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The Arts, Brain and Evolution
1. Art, Symbolism and the Evolution of the Brain
2. Emergence of early art and the evolution of human culture
3. On the interaction between cultural and biological evolutionary processes in generating artistic creativity
The Arts and Psychology
4. The nature of aesthetic experience of art
5. Art appreciation as an emotional process - beyond aesthetic experience
6. The Singular Experience: Characterizing the Emotional Response to Art Beyond Pleasure
7. An empirical paper on audience responses to film
The Arts and Physiology
8. Why we like what we like? Tracking the neurophysiological responses linked to aesthetic appreciation
9. The arts as a multisensory experience
10. Interceptive predictions and aesthetic relatedness to images
11. How artists represent visual processes
The Arts and the Brain
12. Art and Brain, and integrative overview
13. Seeking Salience in Engaging Art: A Short Story about Attention, Artistic Value, and Affective Neuroscience
14. New insights from the neuroscience of dance
15. Embodied aesthetics in the visual and the performing arts
The Arts and Biology
16. Music, dance and other art forms: new insights into the links between hedonia (pleasure) and eudaimonia (well-being)
17. A systematic review of the biological impact of music
18. Biology and aesthetics in music and the visual arts
19. Alexithymia, arts and health
Arts Expertise and learning
20. Developmental perspectives on the social and emotional role of music and dance
21. Music Education and the Brain
22. Dance learning among adolescents and young adults: Insights from brain imaging and behaviour
23. Is there a moral bettering through the arts?
The Arts and the Brain: Psychology and Physiology beyond Pleasure, Volume 237, combines the work of an excellent group of experts who explain evidence on the neural and biobehavioral science of the arts. Topics covered include the emergence of early art and the evolution of human culture, the interaction between cultural and biological evolutionary processes in generating artistic creation, the nature of the aesthetic experience of art, the arts as a multisensory experience, new insights from the neuroscience of dance, a systematic review of the biological impact of music, and more.
- Builds bridges and makes new connections between neuroscientists, psychologists and the arts world
- Unravels the neural, neuroendocrine, physiological, hormonal and evolutionary dimensions of the arts
- Contains chapters from true authorities in the field
Researchers and students of neuroscience, psychology, and the biological sciences. Art Practitioners (coaches and artists) interested in understanding the impact that art can have in human life
- No. of pages:
- © Academic Press 2018
- 16th May 2018
- Academic Press
- Hardcover ISBN:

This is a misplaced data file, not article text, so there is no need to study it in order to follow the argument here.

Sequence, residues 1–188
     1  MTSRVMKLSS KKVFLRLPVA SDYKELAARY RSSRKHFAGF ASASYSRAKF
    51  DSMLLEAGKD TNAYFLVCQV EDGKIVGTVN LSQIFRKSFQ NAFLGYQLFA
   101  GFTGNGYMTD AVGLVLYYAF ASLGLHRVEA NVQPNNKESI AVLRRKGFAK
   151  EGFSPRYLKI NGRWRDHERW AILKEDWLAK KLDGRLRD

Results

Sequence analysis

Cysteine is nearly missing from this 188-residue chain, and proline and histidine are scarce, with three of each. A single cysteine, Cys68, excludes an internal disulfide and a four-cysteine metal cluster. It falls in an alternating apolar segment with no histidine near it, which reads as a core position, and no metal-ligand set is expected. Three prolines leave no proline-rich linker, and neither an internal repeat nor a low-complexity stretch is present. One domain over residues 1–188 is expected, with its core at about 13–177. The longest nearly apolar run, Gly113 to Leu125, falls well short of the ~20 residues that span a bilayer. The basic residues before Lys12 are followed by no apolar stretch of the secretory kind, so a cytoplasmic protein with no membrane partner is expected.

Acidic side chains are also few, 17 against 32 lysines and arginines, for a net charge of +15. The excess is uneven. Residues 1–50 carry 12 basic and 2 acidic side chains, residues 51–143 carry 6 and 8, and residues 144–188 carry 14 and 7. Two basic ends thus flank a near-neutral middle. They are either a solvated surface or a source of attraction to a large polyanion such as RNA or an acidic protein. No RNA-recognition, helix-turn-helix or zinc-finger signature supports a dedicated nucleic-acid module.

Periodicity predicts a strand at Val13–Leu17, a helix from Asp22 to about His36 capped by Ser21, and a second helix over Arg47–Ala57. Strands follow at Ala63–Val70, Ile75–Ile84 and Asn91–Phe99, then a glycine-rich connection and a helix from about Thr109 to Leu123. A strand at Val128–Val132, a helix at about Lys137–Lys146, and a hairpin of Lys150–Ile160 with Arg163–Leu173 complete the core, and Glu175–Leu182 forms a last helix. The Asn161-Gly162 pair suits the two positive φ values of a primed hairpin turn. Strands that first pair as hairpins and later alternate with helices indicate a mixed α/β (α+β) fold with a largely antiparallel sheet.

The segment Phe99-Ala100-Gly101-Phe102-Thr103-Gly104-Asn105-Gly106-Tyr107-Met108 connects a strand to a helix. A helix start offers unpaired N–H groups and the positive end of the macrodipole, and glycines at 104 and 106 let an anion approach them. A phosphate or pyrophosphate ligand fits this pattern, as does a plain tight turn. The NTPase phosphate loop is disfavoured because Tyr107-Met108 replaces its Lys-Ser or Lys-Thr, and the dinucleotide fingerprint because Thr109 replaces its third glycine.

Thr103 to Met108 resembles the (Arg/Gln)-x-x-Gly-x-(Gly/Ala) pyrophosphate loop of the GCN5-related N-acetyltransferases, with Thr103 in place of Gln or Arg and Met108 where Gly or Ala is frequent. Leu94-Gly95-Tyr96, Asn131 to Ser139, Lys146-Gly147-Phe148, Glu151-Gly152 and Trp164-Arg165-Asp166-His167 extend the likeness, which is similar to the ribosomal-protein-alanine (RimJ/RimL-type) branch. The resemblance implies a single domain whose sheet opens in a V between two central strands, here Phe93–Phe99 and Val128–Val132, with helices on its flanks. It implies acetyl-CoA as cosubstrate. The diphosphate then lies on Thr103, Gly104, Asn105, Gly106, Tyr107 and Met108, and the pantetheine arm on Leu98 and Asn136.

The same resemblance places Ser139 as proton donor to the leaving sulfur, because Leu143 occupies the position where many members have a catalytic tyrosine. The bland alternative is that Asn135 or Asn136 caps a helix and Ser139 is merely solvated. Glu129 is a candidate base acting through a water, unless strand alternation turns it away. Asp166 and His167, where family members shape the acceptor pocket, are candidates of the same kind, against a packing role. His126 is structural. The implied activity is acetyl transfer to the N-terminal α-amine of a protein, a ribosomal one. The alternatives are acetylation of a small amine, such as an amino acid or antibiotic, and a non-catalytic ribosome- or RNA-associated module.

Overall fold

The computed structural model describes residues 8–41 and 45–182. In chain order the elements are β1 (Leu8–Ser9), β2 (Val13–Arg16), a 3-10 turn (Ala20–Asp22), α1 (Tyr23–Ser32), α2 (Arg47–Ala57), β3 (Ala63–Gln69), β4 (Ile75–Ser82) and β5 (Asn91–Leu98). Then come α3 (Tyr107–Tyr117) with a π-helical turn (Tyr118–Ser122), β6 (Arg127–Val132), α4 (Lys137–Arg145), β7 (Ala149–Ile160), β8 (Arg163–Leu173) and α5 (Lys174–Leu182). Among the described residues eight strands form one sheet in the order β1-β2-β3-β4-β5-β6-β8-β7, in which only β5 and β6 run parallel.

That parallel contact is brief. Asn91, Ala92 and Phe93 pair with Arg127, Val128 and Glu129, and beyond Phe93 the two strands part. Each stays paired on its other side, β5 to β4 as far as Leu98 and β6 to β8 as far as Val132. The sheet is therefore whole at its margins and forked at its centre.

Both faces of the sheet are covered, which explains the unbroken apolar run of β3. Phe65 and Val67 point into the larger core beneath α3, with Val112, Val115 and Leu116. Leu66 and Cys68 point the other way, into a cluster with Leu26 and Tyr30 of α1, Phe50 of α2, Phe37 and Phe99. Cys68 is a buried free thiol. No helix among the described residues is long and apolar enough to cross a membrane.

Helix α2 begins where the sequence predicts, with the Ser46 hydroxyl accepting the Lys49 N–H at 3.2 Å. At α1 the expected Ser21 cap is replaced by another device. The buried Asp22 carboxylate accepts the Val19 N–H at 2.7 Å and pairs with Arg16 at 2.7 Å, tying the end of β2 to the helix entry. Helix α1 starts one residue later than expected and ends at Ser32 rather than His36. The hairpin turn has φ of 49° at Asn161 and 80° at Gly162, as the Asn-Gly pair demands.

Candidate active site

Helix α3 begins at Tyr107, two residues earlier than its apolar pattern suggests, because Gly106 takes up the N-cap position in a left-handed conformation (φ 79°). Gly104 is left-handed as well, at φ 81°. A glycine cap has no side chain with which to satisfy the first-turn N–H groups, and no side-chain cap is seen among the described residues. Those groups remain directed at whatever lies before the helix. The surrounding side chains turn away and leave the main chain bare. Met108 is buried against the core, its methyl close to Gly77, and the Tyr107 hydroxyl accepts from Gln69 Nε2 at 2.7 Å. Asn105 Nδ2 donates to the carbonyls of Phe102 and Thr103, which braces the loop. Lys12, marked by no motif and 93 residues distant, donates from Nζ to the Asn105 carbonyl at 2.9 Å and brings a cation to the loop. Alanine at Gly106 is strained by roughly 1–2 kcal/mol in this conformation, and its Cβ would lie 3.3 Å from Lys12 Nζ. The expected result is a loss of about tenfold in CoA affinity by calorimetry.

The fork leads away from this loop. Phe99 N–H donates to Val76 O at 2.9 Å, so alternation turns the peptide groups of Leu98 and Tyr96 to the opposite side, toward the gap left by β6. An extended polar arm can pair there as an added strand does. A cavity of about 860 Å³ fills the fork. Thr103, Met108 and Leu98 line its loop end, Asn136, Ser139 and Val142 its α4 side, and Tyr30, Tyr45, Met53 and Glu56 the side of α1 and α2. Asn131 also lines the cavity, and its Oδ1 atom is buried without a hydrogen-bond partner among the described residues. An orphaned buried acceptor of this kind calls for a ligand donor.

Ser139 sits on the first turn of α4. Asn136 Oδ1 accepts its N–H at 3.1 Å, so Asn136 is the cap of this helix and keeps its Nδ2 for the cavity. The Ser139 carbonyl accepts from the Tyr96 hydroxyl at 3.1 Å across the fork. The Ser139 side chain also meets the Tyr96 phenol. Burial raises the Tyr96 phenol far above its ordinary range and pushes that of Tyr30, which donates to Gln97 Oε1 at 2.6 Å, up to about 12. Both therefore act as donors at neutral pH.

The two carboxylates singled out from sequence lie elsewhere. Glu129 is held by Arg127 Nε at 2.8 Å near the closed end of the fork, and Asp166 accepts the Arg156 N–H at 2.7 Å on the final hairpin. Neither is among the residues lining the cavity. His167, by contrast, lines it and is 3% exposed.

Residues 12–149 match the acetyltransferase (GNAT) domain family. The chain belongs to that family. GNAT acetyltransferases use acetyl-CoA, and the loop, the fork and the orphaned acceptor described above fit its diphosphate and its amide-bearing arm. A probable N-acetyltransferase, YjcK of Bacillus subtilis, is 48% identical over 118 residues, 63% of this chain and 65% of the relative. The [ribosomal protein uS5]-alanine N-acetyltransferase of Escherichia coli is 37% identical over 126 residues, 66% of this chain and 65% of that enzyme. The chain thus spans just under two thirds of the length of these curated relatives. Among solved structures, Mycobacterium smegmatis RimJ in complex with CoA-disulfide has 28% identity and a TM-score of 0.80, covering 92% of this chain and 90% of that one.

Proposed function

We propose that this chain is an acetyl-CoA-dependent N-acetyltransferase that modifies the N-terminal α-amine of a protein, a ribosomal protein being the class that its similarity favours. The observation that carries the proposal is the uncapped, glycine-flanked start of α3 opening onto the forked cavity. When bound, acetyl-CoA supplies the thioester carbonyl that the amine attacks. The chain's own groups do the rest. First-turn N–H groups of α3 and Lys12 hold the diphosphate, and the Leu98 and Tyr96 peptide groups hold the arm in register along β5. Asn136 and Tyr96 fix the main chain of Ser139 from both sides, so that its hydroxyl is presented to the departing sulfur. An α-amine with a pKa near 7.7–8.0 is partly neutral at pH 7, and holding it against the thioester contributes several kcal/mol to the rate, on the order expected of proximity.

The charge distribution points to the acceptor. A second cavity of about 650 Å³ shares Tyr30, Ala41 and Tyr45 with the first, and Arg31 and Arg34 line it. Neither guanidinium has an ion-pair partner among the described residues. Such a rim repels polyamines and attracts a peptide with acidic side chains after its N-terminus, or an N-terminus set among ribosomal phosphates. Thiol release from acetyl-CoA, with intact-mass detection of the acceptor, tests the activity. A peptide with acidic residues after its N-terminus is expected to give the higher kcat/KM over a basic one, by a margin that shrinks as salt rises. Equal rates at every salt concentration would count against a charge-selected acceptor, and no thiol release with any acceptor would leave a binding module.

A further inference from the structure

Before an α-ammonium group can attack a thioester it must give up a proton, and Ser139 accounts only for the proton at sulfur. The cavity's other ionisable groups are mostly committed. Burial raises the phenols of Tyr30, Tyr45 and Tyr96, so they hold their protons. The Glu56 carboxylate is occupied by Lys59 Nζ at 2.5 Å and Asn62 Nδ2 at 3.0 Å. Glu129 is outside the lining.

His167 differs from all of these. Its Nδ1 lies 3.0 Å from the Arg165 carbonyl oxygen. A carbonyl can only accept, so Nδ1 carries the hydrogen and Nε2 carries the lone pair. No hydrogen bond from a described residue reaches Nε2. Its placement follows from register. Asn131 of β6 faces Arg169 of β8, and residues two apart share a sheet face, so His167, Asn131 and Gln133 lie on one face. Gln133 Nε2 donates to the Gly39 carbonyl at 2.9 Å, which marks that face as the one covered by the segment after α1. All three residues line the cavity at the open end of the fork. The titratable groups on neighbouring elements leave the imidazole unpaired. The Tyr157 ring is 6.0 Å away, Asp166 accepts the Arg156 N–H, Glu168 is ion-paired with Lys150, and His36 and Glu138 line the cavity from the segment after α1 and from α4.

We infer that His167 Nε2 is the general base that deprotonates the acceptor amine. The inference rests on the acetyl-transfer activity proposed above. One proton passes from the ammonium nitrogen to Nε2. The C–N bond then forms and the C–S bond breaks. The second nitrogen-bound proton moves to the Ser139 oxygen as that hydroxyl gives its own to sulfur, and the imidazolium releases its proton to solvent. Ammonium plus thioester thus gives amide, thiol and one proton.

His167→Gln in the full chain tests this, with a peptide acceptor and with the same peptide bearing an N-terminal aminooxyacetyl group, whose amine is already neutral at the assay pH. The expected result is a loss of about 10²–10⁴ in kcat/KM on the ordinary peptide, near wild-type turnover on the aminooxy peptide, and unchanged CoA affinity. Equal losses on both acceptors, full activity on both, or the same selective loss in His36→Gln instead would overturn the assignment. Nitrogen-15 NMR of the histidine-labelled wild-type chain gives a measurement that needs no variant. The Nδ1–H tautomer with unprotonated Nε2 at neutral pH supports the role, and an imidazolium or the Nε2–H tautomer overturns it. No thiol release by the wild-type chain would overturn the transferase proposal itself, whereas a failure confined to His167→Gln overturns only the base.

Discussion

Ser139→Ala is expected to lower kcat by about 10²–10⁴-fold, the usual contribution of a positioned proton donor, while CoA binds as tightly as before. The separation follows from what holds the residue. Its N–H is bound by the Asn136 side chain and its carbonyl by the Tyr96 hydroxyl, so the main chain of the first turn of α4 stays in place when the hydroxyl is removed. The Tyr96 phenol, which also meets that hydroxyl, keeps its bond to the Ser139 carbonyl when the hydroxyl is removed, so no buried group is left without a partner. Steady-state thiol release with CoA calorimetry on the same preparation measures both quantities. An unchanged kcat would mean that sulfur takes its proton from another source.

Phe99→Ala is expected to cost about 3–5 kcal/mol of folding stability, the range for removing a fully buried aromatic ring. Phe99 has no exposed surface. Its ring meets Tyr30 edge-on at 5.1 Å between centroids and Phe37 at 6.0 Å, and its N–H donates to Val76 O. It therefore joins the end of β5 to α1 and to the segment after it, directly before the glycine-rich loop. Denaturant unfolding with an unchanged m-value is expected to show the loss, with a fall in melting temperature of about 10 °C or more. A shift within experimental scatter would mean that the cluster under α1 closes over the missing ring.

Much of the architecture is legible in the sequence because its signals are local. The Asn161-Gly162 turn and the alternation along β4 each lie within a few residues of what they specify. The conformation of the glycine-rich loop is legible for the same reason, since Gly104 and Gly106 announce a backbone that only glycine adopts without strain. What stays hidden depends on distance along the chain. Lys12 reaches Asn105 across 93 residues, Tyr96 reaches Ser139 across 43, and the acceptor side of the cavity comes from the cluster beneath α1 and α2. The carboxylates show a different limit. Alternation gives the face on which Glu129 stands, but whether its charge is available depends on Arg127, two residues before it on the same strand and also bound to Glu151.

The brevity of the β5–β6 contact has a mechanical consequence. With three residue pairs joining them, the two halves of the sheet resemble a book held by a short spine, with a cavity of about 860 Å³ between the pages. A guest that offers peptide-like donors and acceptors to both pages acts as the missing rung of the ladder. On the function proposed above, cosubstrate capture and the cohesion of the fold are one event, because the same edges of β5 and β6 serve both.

- eBook ISBN:
Dr. Julia F. Christensen is a postdoctoral Fellow of the B.I.A.S. project (NOMIS foundation) at the Warburg Institute, University of London, and a Newton International Research Fellow Alumni (British Academy) in the Cognitive Neuroscience Research Unit (CNRU) and the Autism Research Group (ARG) at the Psychology Department (City, University of London). She is also an honorary member of the Institute of Cognitive Neuroscience (University College London; UCL). Her current work explores the neural underpinnings of emotional expertise in dance. In this approach she works with dancers and other artists as participants to uncover the neurocognitive mechanisms that make these groups of people so highly emotionally sensitive. She has a strong interest in dance herself as she trained as a professional dancer before becoming a neuroscientist. Her PhD work with Professor Camilo Cela-Conde (University of the Balearic Islands; UIB) and Dr. Marcos Nadal (University of Vienna) investigated the affective mechanisms involved in watching dance and how that affective experience is modulated by relevant expertise (e.g., in dance) (title ”Dance moves: Affective responses to expressive body movement”). Dr. Christensen has also worked in the field of Neuroscience of morality under the supervision of Professor Antoni Gomila (UIB), and was a postdoctoral researcher at the Institute of Cognitive Neuroscience with Professor Patrick Haggard (UCL), leading a series of studies investigating how agents’ sense of agency over their actions is modulated by the emotional context in which an action occurs. Dr. Christensen uses behavioural, psychophysiological and neuroimaging methods. Dr. Christensen uses behavioural, psychophysiological and neuroimaging methods and has published a series of articles in international peer reviewed journals on the topics of neuroscience and psychology of dance and the arts, morality, empathy, ethics and autism. She is author of the German popular science book about dance ‘Tanzen ist die beste Medizin’ [‘Dance is the best medicine’], to appear in May 2018.
Postdoctoral Fellow, University of London, UK
Professor Antoni Gomia is Full Professor of Psychology (Thinking and Language), at the Psychology Departament of the University of the Balearic Islands, Spain. His background is in Philosophy and his interests have centred on issues at the “no man’s land” of the frontiers between philosophy of mind, psychology and cognitive science: representation and meaning, expression and intersubjectivity, intentional explanation and rationality, also taking an evolutionary perspective into account in order to make sense of what makes us human. He co-edited a Handbook of Cognitive Science: an embodied approach (Elsevier, 2009), with Paco Calvo, and is the author of Verbal Minds: Language and the Architecture of the Mind (Elsevier, 2013). His current interest centers around moral psychology and the evolution of morality.
Full Professor, University of the Balearic Islands, Spain